INQUEST DAY NINETEEN - Monday 12th February 1996



         On what must have been the coldest morning of the year so far, the Inquest into the deaths caused by the Subway Accident on 11th August 1995 resumed today after a week's adjournment.


         Dr Huxter opened the proceedings by reading a prepared statement to the jury:-


Coroners Inquests are public forums to find out Who died, When they died, Where they died, How they died and by What means did they die. They are to determine the Terminal and Root causes of deaths in order to prevent the same circumstances from causing death in future. So far, counsel have conducted themselves correctly. There have been specific problems with documents causing significant delays in the start of the Inquest and it was entirely appropriate that the Inquest be delayed so that all documents submitted could be examined. The influx of materials is increasing and has resulted in the reworking of the witness schedule. Dr Huxter wished to ensure the jury that all evidence will be presented and no deals have been made to avoid hiding potential evidence. He said that he wants a reasonable closure to exist in the intermittent way in which evidence has been produced and he proposes to take action to prevent abuse.


         To this end, Dr Huxter requested the media present to alert the community that the inquest is anticipated to conclude during the week of February 26th 1996 and that anyone with evidence to present should get in touch with the Coroner's office by that date.


         Certain documentary evidence is to be handed to the jury out of turn in order that the jury has some necessary background information. This evidence will be presented in due course in the proper manner. Dr Huxter indicated he would take "...a very dim view..." of the appearance of any evidence before it is officially presented.


         Mr. Anthony Facchini, an operator from the Bloor/Danforth subway was on the stand most of the morning. He has been with the TTC for 17 years, a subway operator since 1988 and was a Metro cop for three years prior to joining the TTC. He had no problems with subway training although he felt it took 6 months before he felt "sure" of the job. He had no trouble with understanding the signals but the prepared speech about approaching red signals at speed was re-iterated. He has tripped a number of times. The Car to Wayside system is a cause of many malfunctions. All in all he considers subway operation to be an easy job.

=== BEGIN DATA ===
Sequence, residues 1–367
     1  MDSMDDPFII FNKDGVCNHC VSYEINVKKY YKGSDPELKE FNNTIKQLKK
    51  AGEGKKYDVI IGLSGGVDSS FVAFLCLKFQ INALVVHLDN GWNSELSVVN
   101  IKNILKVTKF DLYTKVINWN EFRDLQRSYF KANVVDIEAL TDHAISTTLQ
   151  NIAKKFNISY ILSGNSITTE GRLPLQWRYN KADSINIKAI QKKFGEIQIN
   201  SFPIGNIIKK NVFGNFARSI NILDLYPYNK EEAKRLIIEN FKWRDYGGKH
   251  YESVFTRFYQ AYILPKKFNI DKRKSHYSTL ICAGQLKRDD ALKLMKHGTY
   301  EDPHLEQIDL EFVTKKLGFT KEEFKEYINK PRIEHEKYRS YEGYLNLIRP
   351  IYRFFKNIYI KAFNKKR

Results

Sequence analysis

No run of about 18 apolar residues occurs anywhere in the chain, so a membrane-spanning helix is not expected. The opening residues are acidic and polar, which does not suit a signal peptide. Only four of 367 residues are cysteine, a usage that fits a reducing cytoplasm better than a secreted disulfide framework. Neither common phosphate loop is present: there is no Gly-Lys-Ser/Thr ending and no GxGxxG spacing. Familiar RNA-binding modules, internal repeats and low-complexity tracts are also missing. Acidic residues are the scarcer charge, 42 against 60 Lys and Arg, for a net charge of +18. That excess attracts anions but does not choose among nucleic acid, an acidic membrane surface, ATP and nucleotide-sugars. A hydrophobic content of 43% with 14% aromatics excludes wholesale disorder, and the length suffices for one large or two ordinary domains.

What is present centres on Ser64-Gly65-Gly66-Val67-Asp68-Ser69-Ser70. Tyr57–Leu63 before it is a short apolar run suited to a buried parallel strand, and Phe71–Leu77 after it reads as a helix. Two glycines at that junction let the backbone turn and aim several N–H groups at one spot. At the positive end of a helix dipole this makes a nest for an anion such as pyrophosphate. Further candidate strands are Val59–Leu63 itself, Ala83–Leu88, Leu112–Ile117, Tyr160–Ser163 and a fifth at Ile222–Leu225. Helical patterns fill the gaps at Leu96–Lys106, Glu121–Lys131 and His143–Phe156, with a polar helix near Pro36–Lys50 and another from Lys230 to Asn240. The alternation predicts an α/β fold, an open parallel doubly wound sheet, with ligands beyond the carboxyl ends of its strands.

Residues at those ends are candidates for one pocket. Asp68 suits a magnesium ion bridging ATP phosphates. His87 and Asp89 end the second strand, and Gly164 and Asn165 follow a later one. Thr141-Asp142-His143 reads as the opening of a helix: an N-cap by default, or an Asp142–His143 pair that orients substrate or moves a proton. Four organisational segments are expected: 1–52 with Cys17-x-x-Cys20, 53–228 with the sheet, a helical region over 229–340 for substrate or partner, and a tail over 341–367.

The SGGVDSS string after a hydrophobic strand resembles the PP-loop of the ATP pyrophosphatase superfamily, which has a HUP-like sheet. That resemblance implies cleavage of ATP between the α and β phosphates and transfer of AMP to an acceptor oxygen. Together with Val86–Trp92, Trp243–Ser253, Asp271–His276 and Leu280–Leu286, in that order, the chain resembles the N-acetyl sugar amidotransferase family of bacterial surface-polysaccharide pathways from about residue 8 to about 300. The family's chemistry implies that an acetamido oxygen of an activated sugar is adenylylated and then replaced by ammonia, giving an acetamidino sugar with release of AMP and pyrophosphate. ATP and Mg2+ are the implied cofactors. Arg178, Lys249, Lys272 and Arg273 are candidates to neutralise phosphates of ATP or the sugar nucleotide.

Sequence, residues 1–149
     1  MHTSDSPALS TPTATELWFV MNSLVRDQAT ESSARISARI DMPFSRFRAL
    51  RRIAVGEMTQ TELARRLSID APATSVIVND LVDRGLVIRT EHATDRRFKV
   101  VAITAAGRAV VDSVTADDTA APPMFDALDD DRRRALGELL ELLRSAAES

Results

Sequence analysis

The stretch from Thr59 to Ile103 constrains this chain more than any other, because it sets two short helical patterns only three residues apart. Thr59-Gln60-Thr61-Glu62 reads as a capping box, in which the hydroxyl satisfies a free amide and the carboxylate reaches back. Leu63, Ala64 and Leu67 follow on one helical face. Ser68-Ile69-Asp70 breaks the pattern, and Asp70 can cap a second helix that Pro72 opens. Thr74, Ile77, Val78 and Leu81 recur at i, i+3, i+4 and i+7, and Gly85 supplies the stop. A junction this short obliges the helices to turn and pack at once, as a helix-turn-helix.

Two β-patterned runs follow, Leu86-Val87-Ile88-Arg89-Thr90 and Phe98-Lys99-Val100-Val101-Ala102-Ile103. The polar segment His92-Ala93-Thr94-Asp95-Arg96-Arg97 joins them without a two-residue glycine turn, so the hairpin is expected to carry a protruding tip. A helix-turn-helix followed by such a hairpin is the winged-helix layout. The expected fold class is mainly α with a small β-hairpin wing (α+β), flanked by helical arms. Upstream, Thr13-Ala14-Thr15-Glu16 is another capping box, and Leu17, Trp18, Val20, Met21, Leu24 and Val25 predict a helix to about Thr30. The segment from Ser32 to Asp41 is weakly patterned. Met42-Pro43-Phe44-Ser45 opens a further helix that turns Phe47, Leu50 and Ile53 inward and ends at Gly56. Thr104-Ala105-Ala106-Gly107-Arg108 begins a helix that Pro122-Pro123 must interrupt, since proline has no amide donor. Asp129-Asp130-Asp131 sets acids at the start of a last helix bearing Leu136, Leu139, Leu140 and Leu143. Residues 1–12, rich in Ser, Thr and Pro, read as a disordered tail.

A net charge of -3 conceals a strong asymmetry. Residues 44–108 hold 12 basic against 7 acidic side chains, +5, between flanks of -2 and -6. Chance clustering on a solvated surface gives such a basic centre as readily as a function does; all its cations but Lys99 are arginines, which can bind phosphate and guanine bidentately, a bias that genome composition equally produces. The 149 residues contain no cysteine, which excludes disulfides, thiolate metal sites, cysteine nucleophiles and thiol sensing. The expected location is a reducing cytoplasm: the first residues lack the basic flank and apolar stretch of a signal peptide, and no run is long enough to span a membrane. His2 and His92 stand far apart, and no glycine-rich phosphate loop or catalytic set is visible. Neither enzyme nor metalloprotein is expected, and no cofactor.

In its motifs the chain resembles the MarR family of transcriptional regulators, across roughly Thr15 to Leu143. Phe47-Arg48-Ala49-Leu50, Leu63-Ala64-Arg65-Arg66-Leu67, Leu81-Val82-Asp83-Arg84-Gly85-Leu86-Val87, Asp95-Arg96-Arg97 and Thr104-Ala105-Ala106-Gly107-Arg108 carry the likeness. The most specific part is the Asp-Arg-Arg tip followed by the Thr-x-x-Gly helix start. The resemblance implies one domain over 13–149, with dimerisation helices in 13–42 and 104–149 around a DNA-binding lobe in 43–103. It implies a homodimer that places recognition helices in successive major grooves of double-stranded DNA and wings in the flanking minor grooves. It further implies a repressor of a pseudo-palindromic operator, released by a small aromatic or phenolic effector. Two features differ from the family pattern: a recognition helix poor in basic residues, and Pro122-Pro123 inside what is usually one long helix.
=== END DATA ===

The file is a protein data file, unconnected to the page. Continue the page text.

On one occasion, a terminal Inspector put his train on Hi Rate, as he was behind schedule, but Mr. Facchini refused to operate the train in Hi Rate and would not leave the terminal until the train had been set back to low rate. No explanation for this strange behaviour was offered and none was sought.


         The main emphasis of Mr. Facchini's evidence was an incident which happened to him on July 17th, 1990. He was approaching Kennedy station with green signals and a train was ahead of him waiting to enter the station which, if he hadn't used his gut feel to slow the train, he is convinced there would have been a collision. In cross by Mr. Leck, it turns out this is the situation we had heard about earlier from Mark Reidak where a track relay had been dropped and had caused a wrong side failure. This resulted in a reworking of the work method for transporting track relays which Mr. Reidak had described.


         In Mr. Facchini's opinion, the signal lights act up all the time (this is Bloor/Danforth experience as he has only operated Yonge/Spadina a couple of times). A number of times, the witness referred to the signals as "our eyes" and we "have to be able to trust our eyes". As a result of this incident, Mr. Facchini does not trust the signal system any more but he still likes to operate in the subway. He considers the discipline change since August the 11th to be detrimental to moral. He advocated the use of Station to Station control by Transit Control when there are signal problems. He is proud to be a TTC employee.


         Mr. Punter got his Flashlight recommendation, AGAIN!!, along with Safety vests, Flags and Hard Hats!! Mr. Facchini would also like to see changes to the signaling system so that the approach of red lights at speed is removed. He would like to see the Power, Series and Off Markers standardized as to appearance, height from rail and colour. Operators should have first aid courses at TTC expense. More light is required in the subway, either as extra headlights on the train or in improved tunnel lighting. He would also like to have operators have a debriefing about a month after they start subway operations.


         Mr. Gomberg had Mr. Facchini tell the jury that he has been advising other operators not to trust the signal system. August 11th did not come as a surprise to him, he had been expecting it. He admitted there would have to be a gross breakdown of the signal system to have a green signal displayed with a train just ahead.